Wednesday, February 4, 2009

Comprehension, a Multisensory Experience?

When you get right down to it, comprehension is THE most important skill in the curriculum. Uhh...why study anything in school if you don't ever understand what the heck you're supposedly learning, right? This is especially the case in literacy. Comprehension is the ultimate goal of reading instruction.

So, knowing that most kids are kinesthetic/tactile learners, we shouldn't be surprised if a child has a problem understanding what he/she reads after only using a book as a learning tool. I know, I know. You're thinking, "How can SHE, a TEACHER, be anti-book?" The truth it, I'm the biggest book nut of all. I have at least 10K books in my house. (This is probably what put a crack in the foundation in my basement!) I once worked at a university library for 5 years. I live and breathe and keep on living in order to READ.

But, I also know that kids having a hard time comprehending what they read won't just eventually "get it" if their teachers continue to use only the same methods and print materials over and over again. You have to try something more engaging, more innovative and more hands-on to reach struggling readers. Tap into their senses. Make reading more active in every sense of the word. Here are a few ideas to try:

  • Whip out the paddles! (Corporal punishment is NOT involved!) Reading Comprehension Boards give kids a place to record answers to key comprehension questions/strategies. Then, students hold up the board by the handles, allowing you to quickly assess which kids do & don't understand. (Hint: You can also make your own with paper plates and craft sticks.)

  • Cube-o-questions--Type a list of those key comprehension questions to ask students before, during, and after reading. Print & tape the questions to the sides of a large cube or a small cardboard box. Presto! You've got yourself a comprehension manipulative. If you're looking for more durable versions, try these: Reading Comprehension Cubes, Question Word Cubes, Retell a Story Cubes.

  • Picture this--Use a photocopier to enlarge a photo or copy an interesting magazine picture. Glue the image to cardstock (notepad backing) and then cut it into puzzle pieces. In a small group, have one child ask 3 other students comprehension questions about a book they've all read. A right answer is rewarded with a piece of the puzzle. Students collaborate to put together the pieces and try to figure out what's going on in the image. Like this game concept? Check out Get the Picture™ Main Idea Game.

  • Graphic organizers--These visual conceptual representations are very powerful. They are some of the best comprehension tools because they also cover Bloom's taxonomy. For example, when students fill out a fishbone map to identify causal relationships, they're ANALYZING. When students use a Venn diagram to compare and contrast, they are EVALUATING. Hefty higher-order thinking skills! Here's a book and a chart filled with nothing but graphic organizers: Encyclopedia of Language Arts Blackline Masters and Graphic Organizer Flip Chart.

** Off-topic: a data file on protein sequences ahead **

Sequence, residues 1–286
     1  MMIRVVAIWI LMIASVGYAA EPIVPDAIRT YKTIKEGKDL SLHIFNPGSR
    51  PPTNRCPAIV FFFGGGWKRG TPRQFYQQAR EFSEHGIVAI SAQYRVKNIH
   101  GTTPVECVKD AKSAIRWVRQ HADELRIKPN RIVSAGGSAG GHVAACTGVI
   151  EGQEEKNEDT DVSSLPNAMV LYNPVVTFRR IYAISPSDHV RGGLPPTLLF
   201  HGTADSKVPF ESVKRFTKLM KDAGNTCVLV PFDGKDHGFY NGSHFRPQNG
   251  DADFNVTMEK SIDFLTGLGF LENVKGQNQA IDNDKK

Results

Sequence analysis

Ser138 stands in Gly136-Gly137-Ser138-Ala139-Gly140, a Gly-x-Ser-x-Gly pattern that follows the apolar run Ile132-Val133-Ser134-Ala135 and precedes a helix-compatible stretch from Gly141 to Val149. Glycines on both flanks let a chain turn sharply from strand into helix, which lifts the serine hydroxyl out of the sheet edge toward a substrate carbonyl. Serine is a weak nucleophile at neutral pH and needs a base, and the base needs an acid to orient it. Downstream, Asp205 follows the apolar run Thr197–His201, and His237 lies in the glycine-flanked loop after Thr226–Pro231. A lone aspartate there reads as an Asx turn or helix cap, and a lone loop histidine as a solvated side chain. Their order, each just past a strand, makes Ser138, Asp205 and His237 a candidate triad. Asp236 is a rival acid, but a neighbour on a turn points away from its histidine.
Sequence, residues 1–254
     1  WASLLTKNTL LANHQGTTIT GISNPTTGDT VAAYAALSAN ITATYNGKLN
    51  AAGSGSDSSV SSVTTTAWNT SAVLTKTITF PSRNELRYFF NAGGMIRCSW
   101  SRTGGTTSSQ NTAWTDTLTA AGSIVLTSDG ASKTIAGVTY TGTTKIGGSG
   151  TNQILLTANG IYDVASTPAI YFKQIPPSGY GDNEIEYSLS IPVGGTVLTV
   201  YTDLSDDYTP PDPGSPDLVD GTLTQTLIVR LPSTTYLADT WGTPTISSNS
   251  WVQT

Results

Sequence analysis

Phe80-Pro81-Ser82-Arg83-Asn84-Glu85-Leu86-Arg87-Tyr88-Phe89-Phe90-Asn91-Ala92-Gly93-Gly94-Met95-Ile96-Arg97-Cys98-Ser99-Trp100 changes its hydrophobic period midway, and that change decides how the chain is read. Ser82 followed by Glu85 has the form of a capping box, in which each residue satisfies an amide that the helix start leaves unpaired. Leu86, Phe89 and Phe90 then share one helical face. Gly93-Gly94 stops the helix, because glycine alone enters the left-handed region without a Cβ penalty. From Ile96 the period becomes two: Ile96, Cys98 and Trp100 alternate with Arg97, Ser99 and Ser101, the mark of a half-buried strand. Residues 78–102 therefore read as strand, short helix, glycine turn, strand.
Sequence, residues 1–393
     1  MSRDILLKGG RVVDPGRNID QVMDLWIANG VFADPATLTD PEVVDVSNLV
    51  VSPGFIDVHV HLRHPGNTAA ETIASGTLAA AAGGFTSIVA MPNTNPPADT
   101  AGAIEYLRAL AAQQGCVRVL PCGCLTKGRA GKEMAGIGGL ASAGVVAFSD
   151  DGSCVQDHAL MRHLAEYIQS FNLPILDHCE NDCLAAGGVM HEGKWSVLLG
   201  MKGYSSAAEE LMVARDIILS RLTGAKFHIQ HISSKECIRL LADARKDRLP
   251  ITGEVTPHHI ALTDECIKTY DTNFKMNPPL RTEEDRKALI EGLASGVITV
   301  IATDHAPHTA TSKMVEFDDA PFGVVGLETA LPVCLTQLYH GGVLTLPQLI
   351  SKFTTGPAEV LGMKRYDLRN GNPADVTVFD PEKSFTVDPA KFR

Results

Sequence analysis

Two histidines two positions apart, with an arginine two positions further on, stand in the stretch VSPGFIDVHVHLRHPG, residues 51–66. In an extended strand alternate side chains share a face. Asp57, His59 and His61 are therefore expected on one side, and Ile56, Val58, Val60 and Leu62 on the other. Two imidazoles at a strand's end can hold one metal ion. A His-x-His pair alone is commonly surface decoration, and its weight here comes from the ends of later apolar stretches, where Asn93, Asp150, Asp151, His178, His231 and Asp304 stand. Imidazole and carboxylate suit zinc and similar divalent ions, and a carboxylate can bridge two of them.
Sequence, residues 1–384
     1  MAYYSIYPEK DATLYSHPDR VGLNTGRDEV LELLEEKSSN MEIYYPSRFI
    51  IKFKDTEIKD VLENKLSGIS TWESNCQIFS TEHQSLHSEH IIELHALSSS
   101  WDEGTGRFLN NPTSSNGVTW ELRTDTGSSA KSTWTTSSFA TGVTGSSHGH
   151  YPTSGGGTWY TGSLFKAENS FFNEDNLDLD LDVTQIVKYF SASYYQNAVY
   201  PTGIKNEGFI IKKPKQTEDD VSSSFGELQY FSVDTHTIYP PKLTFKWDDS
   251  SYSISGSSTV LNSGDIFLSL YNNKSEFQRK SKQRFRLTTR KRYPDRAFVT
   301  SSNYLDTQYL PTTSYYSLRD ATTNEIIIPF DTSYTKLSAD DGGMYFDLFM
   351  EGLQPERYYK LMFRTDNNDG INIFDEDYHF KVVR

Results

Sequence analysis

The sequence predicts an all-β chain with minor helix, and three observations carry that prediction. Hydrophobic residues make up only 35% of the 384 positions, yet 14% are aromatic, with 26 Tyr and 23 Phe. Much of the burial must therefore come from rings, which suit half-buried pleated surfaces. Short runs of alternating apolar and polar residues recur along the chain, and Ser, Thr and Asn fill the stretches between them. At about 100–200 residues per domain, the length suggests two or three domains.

• Lights, camera, action!--Encourage kids to put storylines into action and make a video. They can reinact the story in their own words (summarize), guess the ending and act it out (predict, infer), or recite word for word (practice fluency). Consider posting the videos on Teacher Tube® so other teachers can use them in their lessons! (When posting student content online, never disclose students' identity and always have parents sign permission slips.) No access to a video camera? No problem--Readers' Theatre Pocket Chart.

  • Slap happy! Word Swatters™ (fancy fly swatters) get kids using their gross motor skills to identify any important text on a big book page (parts of a book, unfamiliar words), projection screen, or white board.

  • Get a clue--Little word sleuths love to use magnifying glasses to hunt for context clues. Encourage them to look over the page to hunt for hints (in text or pictures) that will help kids infer meaning.

If you're looking for even more ways to make comprehension multisensory, try tying the text to another subject. Sometimes it's easier to come up with hands-on activities if you build in math, science, social studies, art, or music content. Plus, cross-curricular lessons help students build an even stronger understanding while also helping YOU fit all the skills into your lesson plans.

Lastly, if your students are intimidated by reading an entire story or chapter, try giving them smaller bits of text to tackle. Magazine articles, a paragraph from a fun children's website, or passages on reading cards are good bets. I prefer non-fiction, photo-illustrated cards with fun animal facts such as Animal Classifying Cards, but leveled Reading Comprehension Cards with readings covering a variety of topics are more versatile.

I can dream and wish that teachers across the country could afford to pick up all the cool comprehension manipulatives and materials mentioned above. Yes, it's usually faster, cheaper and more environmentally friendly in the end to buy durable commercial versions of these tools. But hey, you can make your own if need be. We teachers are kinda creative like that. ;)


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